Our work to protect Marsden Moor from fires
After a series of devastating fires, we’ve been working hard to restore the landscape on Marsden Moor and prevent future fires. But there’s still more work to be done to reduce the fire risk, protect wildlife and restore peat bogs. Find out what we're doing to repair the damage to the moorland and what you can do to help.
The damage caused
Fires on Marsden Moor in recent years have caused widespread devastation to this special landscape.
The biggest fire, in April 2019, damaged 700 hectares of moorland and took four days to put out. It’s estimated that it caused £500,000 worth of damage.
National Trust rangers worked closely with West Yorkshire Fire and Rescue Service and others to tackle the fires on the moor.
The cost to the environment
Marsden Moor is designated as a Site of Special Scientific Interest, a Special Protection Area and Special Area of Conservation due to the ground-nesting bird population and blanket bog habitat. It’s really important to protect this.
Although it looks like the moors recover quickly, the damage is deep and long lasting. The moor loses its diverse range of plants which help to support the rare birds and mountain hares that live there.
Another great concern is the important peat soils which have been scorched and destroyed. The peat is the front front line in the battle against climate change and will take hundreds, if not thousands of years to recover.
Repairing the damage
Our ongoing work to restore and re-wet the moorland is making a difference. After each fire we;
- Plant thousands of sphagnum moss plants to help re-wet the moor and improve its resilience to future fires.
- Replace important firefighting equipment, such as specialist vehicles and beaters.
- Replace and repair fences and stiles that were damaged in the fires.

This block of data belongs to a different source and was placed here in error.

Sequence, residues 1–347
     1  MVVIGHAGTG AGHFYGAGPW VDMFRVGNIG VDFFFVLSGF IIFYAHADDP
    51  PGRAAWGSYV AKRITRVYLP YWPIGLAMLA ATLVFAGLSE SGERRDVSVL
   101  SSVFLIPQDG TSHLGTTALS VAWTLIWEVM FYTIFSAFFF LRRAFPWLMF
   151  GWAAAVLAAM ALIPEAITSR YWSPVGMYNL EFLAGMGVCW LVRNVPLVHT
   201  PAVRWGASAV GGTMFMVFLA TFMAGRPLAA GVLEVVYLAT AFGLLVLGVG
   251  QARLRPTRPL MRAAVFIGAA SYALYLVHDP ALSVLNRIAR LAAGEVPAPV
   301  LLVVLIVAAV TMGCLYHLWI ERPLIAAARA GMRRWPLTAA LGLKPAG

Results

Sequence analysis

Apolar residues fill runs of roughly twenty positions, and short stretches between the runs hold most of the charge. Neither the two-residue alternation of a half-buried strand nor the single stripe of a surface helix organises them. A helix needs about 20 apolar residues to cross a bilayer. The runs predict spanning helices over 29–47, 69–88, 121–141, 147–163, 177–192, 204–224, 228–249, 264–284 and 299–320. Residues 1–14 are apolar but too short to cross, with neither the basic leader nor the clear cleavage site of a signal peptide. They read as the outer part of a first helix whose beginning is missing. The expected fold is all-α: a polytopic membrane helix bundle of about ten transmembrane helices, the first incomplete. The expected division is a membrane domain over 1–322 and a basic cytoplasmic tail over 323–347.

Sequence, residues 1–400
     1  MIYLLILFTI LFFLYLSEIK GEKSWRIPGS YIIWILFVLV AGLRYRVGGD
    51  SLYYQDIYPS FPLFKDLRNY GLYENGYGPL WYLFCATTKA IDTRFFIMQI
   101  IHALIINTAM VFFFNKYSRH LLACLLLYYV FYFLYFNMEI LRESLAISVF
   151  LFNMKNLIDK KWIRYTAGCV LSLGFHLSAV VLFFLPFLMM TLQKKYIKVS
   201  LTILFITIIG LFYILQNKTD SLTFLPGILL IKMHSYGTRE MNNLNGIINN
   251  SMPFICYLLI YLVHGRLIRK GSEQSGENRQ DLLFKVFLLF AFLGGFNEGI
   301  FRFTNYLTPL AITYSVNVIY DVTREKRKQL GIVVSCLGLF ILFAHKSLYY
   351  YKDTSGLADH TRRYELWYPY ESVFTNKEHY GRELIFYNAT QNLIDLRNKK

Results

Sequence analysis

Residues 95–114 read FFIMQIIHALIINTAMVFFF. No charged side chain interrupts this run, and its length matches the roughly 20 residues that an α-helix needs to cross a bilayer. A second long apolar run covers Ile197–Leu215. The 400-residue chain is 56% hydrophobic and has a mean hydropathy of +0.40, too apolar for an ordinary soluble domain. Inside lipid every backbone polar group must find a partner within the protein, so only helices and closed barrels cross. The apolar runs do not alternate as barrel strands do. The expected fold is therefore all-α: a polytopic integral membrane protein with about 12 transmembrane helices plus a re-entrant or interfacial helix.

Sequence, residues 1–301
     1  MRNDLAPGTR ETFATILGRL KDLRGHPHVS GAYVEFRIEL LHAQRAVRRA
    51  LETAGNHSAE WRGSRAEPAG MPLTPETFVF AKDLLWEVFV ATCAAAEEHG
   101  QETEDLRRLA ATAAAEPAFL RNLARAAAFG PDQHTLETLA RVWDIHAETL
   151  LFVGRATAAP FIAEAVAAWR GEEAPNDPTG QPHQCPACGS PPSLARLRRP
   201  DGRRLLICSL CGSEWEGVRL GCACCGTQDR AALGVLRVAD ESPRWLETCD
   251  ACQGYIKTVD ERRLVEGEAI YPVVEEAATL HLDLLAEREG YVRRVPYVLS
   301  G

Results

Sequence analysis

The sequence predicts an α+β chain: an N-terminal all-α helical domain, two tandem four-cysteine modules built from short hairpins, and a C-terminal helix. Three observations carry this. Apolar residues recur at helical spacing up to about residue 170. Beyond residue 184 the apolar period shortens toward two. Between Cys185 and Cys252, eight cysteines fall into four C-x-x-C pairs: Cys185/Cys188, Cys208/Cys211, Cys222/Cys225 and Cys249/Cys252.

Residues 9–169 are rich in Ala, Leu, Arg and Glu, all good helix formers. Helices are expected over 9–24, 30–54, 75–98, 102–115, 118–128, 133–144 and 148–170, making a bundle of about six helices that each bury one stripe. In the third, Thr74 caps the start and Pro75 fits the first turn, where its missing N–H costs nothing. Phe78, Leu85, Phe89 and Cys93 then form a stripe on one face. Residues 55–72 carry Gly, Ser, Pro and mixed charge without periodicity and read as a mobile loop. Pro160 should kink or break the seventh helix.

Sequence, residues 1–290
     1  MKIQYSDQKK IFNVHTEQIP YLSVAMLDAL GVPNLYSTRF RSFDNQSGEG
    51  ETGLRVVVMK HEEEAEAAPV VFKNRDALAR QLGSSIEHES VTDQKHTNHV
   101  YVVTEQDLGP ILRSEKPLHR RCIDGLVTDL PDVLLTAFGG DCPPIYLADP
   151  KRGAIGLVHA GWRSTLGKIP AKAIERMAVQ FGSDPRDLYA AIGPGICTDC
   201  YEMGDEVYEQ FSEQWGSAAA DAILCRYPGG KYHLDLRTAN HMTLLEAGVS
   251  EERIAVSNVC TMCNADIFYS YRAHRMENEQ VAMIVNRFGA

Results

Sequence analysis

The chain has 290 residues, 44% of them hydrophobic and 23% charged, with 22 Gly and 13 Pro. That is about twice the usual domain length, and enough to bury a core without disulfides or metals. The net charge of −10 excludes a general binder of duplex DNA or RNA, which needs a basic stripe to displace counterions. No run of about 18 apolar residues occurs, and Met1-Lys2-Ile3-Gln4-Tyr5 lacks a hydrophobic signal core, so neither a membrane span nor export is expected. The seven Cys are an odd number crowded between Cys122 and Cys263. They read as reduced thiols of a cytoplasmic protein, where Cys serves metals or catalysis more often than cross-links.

- Build leaky dams that help slow the flow of water and reduce the spread of fires.
What we’re doing to prevent fires in the future
Repairing the devastation caused by the recent fires is only part of the story. We also need help from the public to reduce the risk of fires. In 2021, we set up a community fire watch group, where volunteers help us patrol the moors on warm evenings and weekends. Together, they've stopped dozens of potential fires, as well as calling 999 when spotting moorland fires in the early stages.
Alongside this, we have also been;
- Running a joint campaign with West Yorkshire Fire and Rescue to encourage people to #bemooraware of the risks of moorland fires. This includes putting up signs and spreading the word on social media.
- Helping local councils enforce an order banning barbecues and open fires on the moors during the summer. (PSPO)
- Regularly attending the Peak District and South Pennines Fire Operation Groups to share best practice.
- Working closely with West Yorkshire Fire and Rescue to undertake joint moorland fire training operations and to share local knowledge.
- Training rangers every year to use firefighting equipment so we're ready to help the fire service if required.
- Keeping a moorland fire plan which enables us to call for the use of a helicopter to help put out fires.
- Regularly patrolling the moors, particularly busy sites.
What you can do to help
The risk of fires is particularly high when there are prolonged periods of dry weather or when there’s a drought, but fires can happen at any time of year. Here’s how you can help:
- If you see a fire or someone using a barbecue on Marsden Moor, please dial 999.
- Remember that fires, barbecues, fireworks and sky lanterns are banned on Marsden Moor all year round.
- Please dispose of cigarettes responsibly.
- Don't forget to take all your litter home, as discarded bottles can cause fires.
Want to join our community fire watch? We are always looking for people who can help us patrol the moors. Email email@example.com for more information.
We’re using many different techniques to prevent further fires on Marsden Moor. Learn about why we don't use controlled burning.
Learn how National Trust rangers and volunteers are working to care for Marsden Moor by restoring peat, removing invasive species and minimising the risk of floods and fires.
Discover the abundance of wildlife on Marsden Moor, from ground-nesting birds such as golden plovers and curlews to mountain hares and even lizards.